That brings us to the issue of the ability of a birth parent to challenge an adoption order. Unfortunately, under the existing rules my constituent and her family—the adopting family—are not eligible for legal aid, but they are also not sufficiently wealthy to afford expensive legal representation. They have been given an estimate of a cost of some £6,000 to fight the case in court, and they have no access to such a sum. I believe that the case raises serious issues about the rights of adoptive parents compared with those of birth parents, and about access to legal representation in such circumstances.
According to the Adoption and Children Act 2002, the effect of an adoption order is to give parental responsibility to the adopters. It refers to the extinguishing of parental responsibility from those who had it previously. Once an adoption order has been made, birth parents cease to have any legal rights over the child, and therefore cannot simply claim him or her back. As I explained earlier, a particular cause for anxiety is the fact that the direct contact came about not as a result of the wishes of the adoptive family, but because the birth mother had somehow managed to locate them.
Where does that leave the adopting family? They are left feeling that the birth mother has more rights than they have. It surely cannot be right for a birth parent who has breached the agreements of a contact order to be allowed to take the adoptive parents to court in order to make contact. I think most people would feel that in such circumstances the rules seem to be loaded in favour of the birth parents, with a lack of regard for the feelings and treatment of the adoptive family.
The availability of legal aid to the birth mother has become a matter of real concern to my constituent and her family. I am aware that the Government are currently undertaking a review of legal aid, and have presented proposals that will result in 500,000 fewer instances of legal help and 45,000 fewer instances of legal representation being funded by legal aid annually. I am also aware that family law is the single most expensive area of legal aid. In 2009-10, the most recent year for which figures are available, it cost the taxpayer £597 million. It is therefore understandable that the Government wish to make changes.
The Under-Secretary of State for Justice, my hon. Friend the Member for Huntingdon, has confirmed to me that legal aid is granted on the strength of information provided by applicants and their solicitors. I realise that it is calculated on a means-tested basis and takes no account of previous behaviour, but while I also understand the importance of safeguarding access to legal advice, I feel that in a case such as this the existence of legal aid complicates matters unnecessarily. I therefore welcome the Government’s measures to restrict it, especially in cases such as this in which it pitches one person unfairly against another, and especially when options such as mediation may be more effective. It seems fundamentally unfair that in the case that I have raised, legal aid is available to the birth mother but not to the adoptive parents. I realise that this issue is not within the Minister’s portfolio, but perhaps he will clarify the effect that changes to legal aid provisions will have on cases involving adoption.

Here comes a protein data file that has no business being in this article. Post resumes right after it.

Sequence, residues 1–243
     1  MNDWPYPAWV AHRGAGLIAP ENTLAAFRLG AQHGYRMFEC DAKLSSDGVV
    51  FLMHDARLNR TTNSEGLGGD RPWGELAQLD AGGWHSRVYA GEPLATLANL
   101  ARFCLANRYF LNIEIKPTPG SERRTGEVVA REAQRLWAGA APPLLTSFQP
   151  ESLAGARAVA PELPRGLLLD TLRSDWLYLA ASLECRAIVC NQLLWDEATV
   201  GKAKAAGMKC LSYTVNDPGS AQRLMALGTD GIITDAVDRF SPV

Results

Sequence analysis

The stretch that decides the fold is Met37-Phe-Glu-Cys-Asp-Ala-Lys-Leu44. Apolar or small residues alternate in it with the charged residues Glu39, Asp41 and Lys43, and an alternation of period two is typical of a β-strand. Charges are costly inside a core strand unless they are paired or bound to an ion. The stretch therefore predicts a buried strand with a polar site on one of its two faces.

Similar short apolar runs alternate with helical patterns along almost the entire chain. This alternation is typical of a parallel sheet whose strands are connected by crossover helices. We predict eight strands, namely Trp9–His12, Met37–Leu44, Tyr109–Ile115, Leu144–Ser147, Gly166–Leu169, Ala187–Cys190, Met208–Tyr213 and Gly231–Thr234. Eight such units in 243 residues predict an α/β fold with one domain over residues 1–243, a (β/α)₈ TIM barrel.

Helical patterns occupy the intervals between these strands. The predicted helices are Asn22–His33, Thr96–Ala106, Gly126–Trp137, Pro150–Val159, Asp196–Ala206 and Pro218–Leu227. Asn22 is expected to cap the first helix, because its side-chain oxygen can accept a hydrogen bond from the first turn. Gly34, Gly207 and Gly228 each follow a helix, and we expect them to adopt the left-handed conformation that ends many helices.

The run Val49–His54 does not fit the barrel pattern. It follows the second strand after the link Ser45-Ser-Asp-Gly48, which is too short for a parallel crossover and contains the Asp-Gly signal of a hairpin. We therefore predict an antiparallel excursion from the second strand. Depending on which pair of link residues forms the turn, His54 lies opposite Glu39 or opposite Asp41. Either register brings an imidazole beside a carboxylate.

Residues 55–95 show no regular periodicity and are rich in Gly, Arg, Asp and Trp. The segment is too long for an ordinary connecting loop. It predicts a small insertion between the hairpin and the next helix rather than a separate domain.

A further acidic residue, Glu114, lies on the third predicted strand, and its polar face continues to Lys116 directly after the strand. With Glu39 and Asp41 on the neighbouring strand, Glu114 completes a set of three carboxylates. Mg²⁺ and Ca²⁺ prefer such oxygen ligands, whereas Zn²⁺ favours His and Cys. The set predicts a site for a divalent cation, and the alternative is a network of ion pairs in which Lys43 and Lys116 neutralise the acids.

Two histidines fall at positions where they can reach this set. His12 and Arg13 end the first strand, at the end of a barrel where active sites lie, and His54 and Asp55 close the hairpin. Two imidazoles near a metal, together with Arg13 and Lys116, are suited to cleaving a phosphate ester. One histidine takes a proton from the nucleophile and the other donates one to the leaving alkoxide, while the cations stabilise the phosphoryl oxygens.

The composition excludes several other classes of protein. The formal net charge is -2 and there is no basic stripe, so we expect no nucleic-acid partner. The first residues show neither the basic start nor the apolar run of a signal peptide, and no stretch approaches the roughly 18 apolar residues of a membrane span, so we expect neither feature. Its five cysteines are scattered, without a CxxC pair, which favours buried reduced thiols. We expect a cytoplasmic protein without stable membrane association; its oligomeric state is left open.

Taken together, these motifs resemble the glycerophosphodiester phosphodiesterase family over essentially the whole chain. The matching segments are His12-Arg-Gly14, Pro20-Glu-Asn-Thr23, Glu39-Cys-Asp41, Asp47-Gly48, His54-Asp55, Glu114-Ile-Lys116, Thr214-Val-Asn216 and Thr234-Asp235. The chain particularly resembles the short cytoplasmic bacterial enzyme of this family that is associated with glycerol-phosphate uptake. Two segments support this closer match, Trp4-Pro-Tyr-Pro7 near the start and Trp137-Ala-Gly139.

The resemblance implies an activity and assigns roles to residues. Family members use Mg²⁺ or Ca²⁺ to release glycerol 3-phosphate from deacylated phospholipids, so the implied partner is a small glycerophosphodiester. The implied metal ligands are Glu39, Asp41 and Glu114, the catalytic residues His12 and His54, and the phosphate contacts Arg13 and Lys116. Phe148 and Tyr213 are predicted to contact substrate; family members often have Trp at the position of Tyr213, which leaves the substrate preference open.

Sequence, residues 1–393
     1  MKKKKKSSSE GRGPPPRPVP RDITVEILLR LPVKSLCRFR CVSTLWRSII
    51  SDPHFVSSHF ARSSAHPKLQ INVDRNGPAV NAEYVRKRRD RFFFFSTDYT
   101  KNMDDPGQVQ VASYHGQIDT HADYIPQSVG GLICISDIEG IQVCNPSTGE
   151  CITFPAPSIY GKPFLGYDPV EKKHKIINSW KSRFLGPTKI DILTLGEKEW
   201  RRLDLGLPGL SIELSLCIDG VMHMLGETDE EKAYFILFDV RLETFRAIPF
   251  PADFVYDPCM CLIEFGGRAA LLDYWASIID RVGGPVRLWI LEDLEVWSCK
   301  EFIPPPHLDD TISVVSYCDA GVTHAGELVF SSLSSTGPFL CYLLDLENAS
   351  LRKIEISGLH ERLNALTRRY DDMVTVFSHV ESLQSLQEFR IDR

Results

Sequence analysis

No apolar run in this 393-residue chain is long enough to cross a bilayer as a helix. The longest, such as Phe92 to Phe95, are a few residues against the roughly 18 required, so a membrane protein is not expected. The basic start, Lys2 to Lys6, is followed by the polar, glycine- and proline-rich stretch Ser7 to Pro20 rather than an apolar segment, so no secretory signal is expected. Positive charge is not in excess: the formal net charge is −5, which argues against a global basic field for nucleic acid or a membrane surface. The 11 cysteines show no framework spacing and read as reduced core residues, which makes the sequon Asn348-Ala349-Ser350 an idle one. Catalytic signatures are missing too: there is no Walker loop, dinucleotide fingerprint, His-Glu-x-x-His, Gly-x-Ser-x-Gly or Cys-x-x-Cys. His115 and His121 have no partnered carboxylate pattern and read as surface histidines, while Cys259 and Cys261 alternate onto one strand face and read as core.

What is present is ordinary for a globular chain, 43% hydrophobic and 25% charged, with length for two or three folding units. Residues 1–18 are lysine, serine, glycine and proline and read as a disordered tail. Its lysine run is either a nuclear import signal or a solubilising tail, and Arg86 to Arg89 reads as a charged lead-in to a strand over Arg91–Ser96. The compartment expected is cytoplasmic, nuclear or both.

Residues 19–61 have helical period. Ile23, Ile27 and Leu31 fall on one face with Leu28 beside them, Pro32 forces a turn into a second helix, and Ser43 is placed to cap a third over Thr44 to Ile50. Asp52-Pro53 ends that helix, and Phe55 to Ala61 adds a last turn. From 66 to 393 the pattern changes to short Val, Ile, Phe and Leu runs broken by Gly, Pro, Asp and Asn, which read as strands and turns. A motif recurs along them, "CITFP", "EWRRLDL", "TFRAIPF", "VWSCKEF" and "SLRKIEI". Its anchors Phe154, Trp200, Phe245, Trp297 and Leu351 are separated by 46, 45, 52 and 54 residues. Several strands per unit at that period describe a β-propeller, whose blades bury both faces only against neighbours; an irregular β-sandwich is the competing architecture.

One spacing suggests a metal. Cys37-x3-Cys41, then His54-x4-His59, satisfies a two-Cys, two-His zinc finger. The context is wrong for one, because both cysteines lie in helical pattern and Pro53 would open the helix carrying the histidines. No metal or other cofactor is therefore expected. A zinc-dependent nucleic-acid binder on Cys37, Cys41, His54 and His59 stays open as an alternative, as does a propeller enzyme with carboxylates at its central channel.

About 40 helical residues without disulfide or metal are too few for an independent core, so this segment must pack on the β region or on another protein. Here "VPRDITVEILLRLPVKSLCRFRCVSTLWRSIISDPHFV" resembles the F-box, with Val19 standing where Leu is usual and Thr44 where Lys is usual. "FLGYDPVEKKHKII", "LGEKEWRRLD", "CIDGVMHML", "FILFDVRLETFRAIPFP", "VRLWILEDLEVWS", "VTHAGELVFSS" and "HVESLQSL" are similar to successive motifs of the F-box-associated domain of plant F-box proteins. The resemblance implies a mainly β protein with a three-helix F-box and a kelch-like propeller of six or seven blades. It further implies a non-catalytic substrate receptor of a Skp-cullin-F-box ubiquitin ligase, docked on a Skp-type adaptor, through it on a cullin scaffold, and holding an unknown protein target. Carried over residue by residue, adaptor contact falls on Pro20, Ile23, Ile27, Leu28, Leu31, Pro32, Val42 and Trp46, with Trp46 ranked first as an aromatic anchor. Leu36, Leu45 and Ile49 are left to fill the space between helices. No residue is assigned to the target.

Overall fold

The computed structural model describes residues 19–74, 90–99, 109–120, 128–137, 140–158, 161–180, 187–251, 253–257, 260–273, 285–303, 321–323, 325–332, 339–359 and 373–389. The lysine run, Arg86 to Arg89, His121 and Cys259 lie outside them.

Finally, I want to draw attention to the apparent lack of support measures for adoptive parents. My constituent and her family have been subjected to the behaviour of an aggressive birth mother, and must now deal with a complex legal case without the funds that would enable them to instruct a lawyer. They feel that throughout this time little or no support has been available to them. My constituent feels that she has been left with no choice but to trawl the internet to search actively for advice and guidance from adoption charities. That situation cannot be right, so will the Minister take the opportunity to advise us on what system of support and guidance exists for parents of adoptive children?
In highlighting this case and the cause of adoptive parents, I wish to make it clear that I do not expect the Minister to comment on this particular case and I simply seek his views on the broader issue of policy. I join my constituent in making the point that the legal importance of adoption orders often seems worthless if birth parents are able to take adopting families to court simply because they decide that they want to have more or full access. I fully appreciate the difficulties facing birth parents, particularly those who may not have wished to give up their child for adoption in the first place, but they should not be allowed to force legal proceedings and wreak havoc on new families who will have worked so hard to provide stability and security for the children they are adopting. If moves are made to encourage more direct contact, more guidance ought to be available for adoptive parents and more support measures must be established for them. I recognise that the law involved in this case is complex and that it is further complicated by the Government’s review of legal aid. They must do all they can to educate both adoption agencies and adoptive families to understand what their position is. However, I accept that the most important factor throughout all these cases is the requirement to facilitate happy and successful adoptions for years to come.
The case I have described has been most distressing to my constituent and her family. For 10 years they have brought up an adopted child as their own in a happy and stable environment, but it is now one where both they and the child are extremely uncertain about their future together. I recognise that much of this unfortunate situation cannot be changed and that the clock cannot be turned back, but I wish my constituent and her family every success in their legal battle, and the best and happiest future for them and their adopted daughter.